Subject: Case Study: whaling, Part II

Michael Williamson (pita@whale.simmons.edu)
Thu, 13 Jun 1996 09:29:57 -0400 (EDT)

Who is Phil Clapham?
What is his view?
What is your view? On what do you base your view?

Subject: whaling

  I generally try to refrain from responding to Alan Macnow's postings
on this network (since I have considerably better things to do with
my day), but his latest press release is so full of falsehoods that
it should not pass unchallenged.

  Macnow says that:

  1) Various whale species were all protected many years ago, and
includes in this blue, right and gray whales.

  2) Virtually all whales except for Antarctic blues are recovering well.

  3) The reason blues aren't is - in the opinion of many scientists" -
competition from minke whales.

  First, while the dates of protection that he gives are essentially
correct, he ignores the fact that the Soviet Union is now known to have
illegally killed huge numbers of animals long after they were
protected.  Consider the fact that in the southern hemisphere alone,
the difference between what the Soviets reported to the IWC and what they
actually caught was on the order of a hundred thousand animals.  For
example the reported catch for humpback whales was approximately
2700, when in fact some 48,000 had actually been killed.  The Soviets
were also taking right and blue whales during this period despite the
bans on hunting that Mr Macnow trumpets so loudly.  It is clear that
the Soviets were killing essentially anything the crossed their bow,
and we know from last year's IWC that this included the N Hemisphere
as well, to an extent which is as yet unknown (see the paper by
Mikhaliev on Arabian Sea humpback whale catches).

  2) The second statement is, to put not too fine a point on it,
rubbish.  Perhaps Mr Macnow knows something that the rest of us don't
about northern right whales in the Atlantic (eastern population essentially
extinct, western in serious jeopardy in the opinion of anyone who is
working with them; situation in the N Pacific the same).  Or eastern
gray whales,
which may number 250 animals.  Or eastern Arctic bowheads (a few
hundred, with the Spitsbergen stock in the tens).

  To say that the N Atlantic right whale has come back from "30 animals"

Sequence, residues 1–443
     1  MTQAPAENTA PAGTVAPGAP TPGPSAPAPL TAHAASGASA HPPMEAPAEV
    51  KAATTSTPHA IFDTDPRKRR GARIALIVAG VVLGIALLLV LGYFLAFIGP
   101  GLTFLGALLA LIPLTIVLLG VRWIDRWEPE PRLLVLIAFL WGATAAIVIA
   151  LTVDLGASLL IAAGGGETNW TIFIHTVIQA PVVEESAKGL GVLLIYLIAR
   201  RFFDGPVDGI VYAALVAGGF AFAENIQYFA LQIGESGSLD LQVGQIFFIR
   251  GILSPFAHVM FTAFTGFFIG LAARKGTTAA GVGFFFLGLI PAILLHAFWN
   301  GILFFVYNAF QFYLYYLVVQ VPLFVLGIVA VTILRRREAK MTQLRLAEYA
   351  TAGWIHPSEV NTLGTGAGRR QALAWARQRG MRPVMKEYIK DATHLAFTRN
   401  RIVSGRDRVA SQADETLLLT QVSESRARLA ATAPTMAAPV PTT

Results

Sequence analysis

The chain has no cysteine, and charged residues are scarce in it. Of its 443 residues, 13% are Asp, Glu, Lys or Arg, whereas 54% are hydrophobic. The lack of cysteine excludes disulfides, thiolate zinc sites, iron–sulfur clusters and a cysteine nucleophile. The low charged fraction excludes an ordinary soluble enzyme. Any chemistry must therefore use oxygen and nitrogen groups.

to 500 is outrageous.  NO ONE knows what the population was in 1935,
and no one I know in the right whale field would say that there are
500 today.  More significantly, to deliberately mislead the public by
implying that right whales are doing fine is a travesty.  This species is
in desperate shape everywhere, and many people are working very hard
to attempt to develop a conservation effort - and we don't appreciate
self-serving lobbyists telling us that we shouldn't have any concern
for a critically endangered animal.

  I would also like Mr Macnow to tell us all on what he bases his statement
concerning blue whales.  There is zero evidence that N Atlantic
blue whales are increasing, and it is clear that the population is small.
California blue whales appear to be doing well; but we know very little
about this species anywhere else except that it appears to be nowhere
very numerous.  Does Macnow have some data that the scientific community
doesn't?

  As for the idea that minke whales are directly suppressing the recovery
of blue whales, the only "scientists" I know who believe this tedious
idea are those attached
to the whaling industry.  It is a gross oversimplification of basic
ecological theory (see review by Clapham & Brownell in this year's
IWC volume).

  I have no argument with the fact that many whale populations appear
to be recovering well.  But to play fast and loose with facts and
blithely ignore the endangered status of the several stocks that
are clearly not recovering, is extremely annoying to many people who
are working to repair the damage wrought by the whaling industry in
past years.

Phil Clapham
clapham@simnh.si.edu